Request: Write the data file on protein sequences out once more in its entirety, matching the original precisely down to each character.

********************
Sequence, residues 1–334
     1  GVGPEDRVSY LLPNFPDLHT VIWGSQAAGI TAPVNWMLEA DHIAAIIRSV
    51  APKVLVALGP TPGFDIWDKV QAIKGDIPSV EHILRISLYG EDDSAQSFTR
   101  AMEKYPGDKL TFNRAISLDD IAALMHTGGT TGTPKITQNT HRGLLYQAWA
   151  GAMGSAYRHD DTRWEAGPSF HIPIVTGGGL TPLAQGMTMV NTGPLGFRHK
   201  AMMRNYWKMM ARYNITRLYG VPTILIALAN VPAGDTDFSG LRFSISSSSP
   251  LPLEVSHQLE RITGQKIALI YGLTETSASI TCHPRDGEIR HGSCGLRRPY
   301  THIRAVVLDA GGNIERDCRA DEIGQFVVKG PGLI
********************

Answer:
Sequence, residues 1–334
     1  GVGPEDRVSY LLPNFPDLHT VIWGSQAAGI TAPVNWMLEA DHIAAIIRSV
    51  APKVLVALGP TPGFDIWDKV QAIKGDIPSV EHILRISLYG EDDSAQSFTR
   101  AMEKYPGDKL TFNRAISLDD IAALMHTGGT TGTPKITQNT HRGLLYQAWA
   151  GAMGSAYRHD DTRWEAGPSF HIPIVTGGGL TPLAQGMTMV NTGPLGFRHK
   201  AMMRNYWKMM ARYNITRLYG VPTILIALAN VPAGDTDFSG LRFSISSSSP
   251  LPLEVSHQLE RITGQKIALI YGLTETSASI TCHPRDGEIR HGSCGLRRPY
   301  THIRAVVLDA GGNIERDCRA DEIGQFVVKG PGLI